Last June, I wrote a piece about Chris Carter’s last Yankees at-bat from the perspective of Yankees fans. In the background you can see a fan I reference as “Neon Man.” This week, I learned he is actually named KP Watershed. He goes by Keith, and is a “food safety & quality systems manager” who is trying to attend every Yankees home game in 2018. I noticed him because of his distinctive neon shirts throughout the 2017 season.
Unable to explain why he did this, I just thought it an oddity. This year, though, he went mainstream when his shirt, “Don’t Boo Stanton” attracted media attention and comments from the booth. He also wore a shirt mocking Brian Dozier’s hitting streak coming into Yankee Stadium. Luckily, after this, I got a chance to speak with him and pick his brain over what motivated him to do this.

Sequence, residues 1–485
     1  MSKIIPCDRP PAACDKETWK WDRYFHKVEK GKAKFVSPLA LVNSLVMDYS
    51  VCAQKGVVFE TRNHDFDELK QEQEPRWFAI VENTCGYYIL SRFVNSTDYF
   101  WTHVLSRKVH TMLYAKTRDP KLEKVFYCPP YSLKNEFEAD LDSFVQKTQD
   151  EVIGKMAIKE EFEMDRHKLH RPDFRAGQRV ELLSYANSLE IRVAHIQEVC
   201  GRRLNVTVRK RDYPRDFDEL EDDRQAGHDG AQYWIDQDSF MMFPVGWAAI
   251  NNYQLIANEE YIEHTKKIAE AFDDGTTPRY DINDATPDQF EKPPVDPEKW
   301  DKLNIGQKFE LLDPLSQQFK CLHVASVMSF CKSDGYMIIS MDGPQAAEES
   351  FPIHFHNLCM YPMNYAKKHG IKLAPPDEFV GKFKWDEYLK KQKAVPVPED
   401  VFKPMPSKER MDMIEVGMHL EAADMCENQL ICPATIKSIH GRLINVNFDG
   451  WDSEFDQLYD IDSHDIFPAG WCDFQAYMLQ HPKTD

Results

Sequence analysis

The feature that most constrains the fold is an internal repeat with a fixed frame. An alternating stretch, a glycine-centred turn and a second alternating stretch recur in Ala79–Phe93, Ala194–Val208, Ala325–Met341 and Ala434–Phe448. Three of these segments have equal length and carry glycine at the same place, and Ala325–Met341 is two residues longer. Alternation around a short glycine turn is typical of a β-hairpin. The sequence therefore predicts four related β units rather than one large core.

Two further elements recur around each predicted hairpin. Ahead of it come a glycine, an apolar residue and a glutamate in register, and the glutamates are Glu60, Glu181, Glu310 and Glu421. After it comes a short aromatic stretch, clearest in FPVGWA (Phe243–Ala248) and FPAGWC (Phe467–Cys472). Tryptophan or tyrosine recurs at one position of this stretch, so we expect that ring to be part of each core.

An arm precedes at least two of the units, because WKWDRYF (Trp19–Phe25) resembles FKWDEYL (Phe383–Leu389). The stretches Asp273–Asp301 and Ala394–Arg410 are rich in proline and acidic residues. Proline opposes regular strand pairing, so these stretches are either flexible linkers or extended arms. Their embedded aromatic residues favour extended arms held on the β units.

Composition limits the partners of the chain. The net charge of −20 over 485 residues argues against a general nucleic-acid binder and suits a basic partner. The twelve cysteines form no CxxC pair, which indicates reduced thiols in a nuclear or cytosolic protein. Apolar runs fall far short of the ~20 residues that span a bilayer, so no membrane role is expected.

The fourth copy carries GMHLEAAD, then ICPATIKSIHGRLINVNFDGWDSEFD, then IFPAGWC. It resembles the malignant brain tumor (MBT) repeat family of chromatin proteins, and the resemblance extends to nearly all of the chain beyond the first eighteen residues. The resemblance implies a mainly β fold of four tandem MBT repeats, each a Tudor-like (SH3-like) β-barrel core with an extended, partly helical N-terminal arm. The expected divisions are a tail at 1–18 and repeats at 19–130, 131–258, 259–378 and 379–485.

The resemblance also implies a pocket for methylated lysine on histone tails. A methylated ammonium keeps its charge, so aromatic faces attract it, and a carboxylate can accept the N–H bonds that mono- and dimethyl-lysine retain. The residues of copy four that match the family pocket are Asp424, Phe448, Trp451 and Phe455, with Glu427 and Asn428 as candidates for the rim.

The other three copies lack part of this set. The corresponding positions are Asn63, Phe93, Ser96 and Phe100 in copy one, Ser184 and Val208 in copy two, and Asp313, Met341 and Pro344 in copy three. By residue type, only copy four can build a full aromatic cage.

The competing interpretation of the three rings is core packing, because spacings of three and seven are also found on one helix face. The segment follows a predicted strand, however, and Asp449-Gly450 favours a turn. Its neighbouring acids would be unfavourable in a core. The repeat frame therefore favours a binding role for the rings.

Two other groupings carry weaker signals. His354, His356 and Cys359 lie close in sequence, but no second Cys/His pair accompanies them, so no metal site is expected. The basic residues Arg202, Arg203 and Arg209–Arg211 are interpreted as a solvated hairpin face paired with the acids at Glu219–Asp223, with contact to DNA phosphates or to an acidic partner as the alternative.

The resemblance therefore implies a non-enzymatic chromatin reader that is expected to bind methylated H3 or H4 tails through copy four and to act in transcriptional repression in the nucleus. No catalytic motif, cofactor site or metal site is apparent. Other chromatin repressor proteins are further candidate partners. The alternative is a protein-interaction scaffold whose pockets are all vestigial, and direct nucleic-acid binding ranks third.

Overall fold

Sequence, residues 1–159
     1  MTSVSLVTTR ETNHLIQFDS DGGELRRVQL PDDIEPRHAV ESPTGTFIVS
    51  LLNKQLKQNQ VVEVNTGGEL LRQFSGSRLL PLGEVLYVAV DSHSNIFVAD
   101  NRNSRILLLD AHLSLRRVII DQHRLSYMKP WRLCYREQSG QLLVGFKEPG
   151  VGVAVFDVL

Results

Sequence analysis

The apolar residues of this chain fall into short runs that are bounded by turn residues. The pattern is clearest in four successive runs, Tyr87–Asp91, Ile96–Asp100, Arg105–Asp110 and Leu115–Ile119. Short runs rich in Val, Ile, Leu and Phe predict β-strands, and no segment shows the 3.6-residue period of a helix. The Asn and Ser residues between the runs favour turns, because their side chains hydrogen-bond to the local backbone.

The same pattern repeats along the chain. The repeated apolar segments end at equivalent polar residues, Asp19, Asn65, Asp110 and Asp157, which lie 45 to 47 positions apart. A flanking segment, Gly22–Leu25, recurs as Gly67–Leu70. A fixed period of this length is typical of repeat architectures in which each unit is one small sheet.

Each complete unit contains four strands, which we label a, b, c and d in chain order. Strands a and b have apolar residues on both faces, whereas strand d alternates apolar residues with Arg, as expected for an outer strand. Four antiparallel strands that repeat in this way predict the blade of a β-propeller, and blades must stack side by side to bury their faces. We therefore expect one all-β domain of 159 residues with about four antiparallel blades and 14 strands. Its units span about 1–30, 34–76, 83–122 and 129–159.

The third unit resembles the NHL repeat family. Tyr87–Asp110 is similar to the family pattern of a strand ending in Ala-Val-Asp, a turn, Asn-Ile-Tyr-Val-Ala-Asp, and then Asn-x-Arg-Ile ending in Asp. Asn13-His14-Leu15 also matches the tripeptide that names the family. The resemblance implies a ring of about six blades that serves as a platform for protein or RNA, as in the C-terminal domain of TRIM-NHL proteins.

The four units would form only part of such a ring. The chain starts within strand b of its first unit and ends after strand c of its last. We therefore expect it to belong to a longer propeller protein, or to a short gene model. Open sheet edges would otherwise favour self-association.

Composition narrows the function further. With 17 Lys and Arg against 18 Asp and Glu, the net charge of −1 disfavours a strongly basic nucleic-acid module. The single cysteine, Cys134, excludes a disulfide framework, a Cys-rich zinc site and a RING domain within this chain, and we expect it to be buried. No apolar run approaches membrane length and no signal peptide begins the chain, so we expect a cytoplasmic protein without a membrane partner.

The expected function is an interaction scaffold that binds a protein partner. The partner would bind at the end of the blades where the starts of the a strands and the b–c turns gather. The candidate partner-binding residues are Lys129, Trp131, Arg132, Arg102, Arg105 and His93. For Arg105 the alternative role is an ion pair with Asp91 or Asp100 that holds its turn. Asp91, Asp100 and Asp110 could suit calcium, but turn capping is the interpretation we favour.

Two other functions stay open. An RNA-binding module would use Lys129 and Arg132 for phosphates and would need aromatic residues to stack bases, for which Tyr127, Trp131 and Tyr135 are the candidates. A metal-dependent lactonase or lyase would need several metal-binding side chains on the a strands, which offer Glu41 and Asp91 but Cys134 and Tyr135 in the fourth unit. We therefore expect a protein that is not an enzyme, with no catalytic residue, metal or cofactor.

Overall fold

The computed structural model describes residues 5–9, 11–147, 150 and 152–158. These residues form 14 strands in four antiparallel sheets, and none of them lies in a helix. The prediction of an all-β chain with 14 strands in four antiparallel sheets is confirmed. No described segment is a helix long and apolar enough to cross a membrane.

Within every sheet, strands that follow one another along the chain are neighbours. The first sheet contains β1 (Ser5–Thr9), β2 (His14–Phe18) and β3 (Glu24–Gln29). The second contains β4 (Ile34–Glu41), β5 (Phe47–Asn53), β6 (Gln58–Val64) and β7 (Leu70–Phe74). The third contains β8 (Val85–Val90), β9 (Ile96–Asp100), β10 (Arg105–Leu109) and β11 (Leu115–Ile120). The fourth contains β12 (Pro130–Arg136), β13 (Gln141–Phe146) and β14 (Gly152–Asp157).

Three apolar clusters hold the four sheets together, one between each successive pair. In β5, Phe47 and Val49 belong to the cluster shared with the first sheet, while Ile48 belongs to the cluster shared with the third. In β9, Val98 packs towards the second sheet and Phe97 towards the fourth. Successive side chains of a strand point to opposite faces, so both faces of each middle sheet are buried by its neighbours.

Matt Provenzano: I stumbled across your name in the mentions of Pinstripe Alley’s Twitter account, and I’ve been watching your neon shirts for about a year now. I wrote an article about Chris Carter with your shirt in it, and I’ve been seeing that same shirt over the past year. I figured now would be a good time to ask why you do that, and what the history behind it is. If you could, just talk about your background and why you started going to games.
KP Watershed: Sure. I started going to a lot of games last year, because I had been living more than an hour away from the city for the past several years, and I just moved to White Plains last year. I’ve told this story a lot over the past weekend and it doesn’t get any less weird every time I tell it. Do you remember the Marlins guy? You know, the Marlins Man who wears the orange?